Additionally, the kinetics of DOX release from the DOX/S and DOX/SC materials were investigated in different media (Fig. 5a–c). We found that DOX was not released from either DOX/S or DOX/SC in PBS (pH 7.4), acetate buffer (pH 5.0) and cell culture medium for up to 48 h at 37 °C. In contrast, DOX was quickly released in the presence of the exonuclease DNase I. Furthermore, the cytotoxicity of the DOX-loaded nanocomposites against HeLa cells was quantified after 2 h, 24 h, and 48 h incubation, respectively (Fig. 5d). We found that nearly all cells were viable after 2 h of incubation, whereas cells were killed by DOX/S or DOX/SC about 10% or 20% more effective, respectively, than by free DOX after 24 h of treatment. After 48 h of treatment, cells were killed by DOX/S or DOX/SC about 5 fold more effectively than by free DOX. These results reflect the efficient cellular uptake and potency of the DOX-loaded composite materials. Interestingly, the killing efficiency of DOX/SC was about 2 fold greater than that of DOX/S, thus suggesting that the CNT particles contribute to the cytotoxic efficacy of the DNA nanocomposites. This effect might stem from CNT's high propensity to cross cell membranes,17–19 facilitating an improved cellular uptake of the CNT-containing nanocomposite drug delivery system (see also Fig. 4) and subsequently inducing increased cytotoxicity by the internalized DOX. Altogether, the results emphasize that the novel nanocomposite materials are well suited as vehicles for the cell-specific delivery of DNA-binding drugs into cancer cells.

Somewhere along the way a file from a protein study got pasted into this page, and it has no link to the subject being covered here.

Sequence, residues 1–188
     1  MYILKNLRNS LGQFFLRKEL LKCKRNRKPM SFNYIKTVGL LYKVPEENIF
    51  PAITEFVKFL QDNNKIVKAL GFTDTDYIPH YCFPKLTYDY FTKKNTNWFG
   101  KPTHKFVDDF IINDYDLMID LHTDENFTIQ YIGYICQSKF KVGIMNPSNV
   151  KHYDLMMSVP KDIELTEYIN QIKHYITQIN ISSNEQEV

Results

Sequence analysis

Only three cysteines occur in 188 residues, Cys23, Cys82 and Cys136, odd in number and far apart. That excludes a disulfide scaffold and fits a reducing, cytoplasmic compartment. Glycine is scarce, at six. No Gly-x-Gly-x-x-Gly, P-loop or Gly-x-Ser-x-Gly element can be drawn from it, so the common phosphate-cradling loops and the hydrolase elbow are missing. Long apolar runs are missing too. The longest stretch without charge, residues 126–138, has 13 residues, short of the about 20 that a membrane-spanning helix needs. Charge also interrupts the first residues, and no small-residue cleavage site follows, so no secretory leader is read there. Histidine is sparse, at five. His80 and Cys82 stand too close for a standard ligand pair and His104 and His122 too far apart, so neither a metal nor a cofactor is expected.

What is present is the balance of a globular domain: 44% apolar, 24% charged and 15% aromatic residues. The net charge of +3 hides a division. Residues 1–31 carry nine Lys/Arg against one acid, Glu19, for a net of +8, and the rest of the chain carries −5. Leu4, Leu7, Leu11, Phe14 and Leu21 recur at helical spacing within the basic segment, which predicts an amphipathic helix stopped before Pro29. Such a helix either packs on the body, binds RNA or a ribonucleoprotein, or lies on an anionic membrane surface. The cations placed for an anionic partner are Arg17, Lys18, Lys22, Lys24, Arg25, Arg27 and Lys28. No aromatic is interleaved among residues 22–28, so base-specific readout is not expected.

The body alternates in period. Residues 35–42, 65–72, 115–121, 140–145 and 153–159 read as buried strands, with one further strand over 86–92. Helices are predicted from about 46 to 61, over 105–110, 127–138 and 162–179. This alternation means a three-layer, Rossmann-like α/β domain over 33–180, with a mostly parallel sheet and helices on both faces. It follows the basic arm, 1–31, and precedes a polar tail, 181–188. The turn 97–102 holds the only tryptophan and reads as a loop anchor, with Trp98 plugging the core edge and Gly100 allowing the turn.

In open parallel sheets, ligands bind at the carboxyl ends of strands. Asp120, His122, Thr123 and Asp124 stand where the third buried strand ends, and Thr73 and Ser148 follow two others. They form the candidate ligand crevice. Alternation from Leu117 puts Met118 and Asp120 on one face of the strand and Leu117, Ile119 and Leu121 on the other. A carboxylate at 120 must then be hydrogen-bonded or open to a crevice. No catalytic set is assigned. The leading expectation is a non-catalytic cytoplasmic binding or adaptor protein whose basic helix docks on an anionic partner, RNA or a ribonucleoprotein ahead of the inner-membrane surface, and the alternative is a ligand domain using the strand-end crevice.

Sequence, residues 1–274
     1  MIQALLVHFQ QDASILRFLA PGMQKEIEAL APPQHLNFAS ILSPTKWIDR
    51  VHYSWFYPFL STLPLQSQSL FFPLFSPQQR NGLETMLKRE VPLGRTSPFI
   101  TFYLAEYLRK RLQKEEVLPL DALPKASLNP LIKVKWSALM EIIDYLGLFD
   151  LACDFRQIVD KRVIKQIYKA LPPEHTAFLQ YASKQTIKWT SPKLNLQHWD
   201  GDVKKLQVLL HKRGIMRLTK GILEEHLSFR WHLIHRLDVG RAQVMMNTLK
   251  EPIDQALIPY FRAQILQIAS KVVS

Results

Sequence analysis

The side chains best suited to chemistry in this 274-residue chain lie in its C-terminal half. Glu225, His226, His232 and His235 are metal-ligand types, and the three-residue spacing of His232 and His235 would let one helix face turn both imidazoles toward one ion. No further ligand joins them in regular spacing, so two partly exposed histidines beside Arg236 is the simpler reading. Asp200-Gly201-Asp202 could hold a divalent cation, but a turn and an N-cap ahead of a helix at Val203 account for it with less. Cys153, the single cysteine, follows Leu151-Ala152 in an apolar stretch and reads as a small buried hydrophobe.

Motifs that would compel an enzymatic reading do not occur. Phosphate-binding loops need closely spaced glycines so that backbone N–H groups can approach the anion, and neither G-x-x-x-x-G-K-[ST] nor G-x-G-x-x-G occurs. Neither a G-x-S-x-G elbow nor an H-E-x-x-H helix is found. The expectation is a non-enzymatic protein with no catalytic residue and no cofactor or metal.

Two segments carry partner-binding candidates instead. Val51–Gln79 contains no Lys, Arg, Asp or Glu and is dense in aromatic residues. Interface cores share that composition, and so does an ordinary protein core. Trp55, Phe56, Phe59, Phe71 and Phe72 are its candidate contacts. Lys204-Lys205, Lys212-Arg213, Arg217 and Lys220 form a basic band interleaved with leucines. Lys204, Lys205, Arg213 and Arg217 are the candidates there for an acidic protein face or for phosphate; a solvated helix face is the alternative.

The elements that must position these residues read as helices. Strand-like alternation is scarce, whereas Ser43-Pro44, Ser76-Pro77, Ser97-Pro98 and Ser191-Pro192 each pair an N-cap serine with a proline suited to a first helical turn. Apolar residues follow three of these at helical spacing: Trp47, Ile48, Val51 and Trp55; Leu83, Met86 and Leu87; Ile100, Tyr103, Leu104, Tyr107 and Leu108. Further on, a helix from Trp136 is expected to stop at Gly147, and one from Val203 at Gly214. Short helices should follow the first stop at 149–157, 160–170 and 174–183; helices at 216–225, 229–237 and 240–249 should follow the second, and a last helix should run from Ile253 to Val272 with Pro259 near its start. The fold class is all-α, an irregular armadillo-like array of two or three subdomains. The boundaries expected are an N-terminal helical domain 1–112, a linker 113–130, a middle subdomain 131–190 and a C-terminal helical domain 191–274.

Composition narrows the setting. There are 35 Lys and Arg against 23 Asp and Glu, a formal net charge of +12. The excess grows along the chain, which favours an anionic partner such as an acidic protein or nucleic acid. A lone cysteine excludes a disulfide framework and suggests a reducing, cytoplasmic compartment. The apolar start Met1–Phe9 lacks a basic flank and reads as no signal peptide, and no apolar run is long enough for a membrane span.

image file: c9tb02861g-f5.tif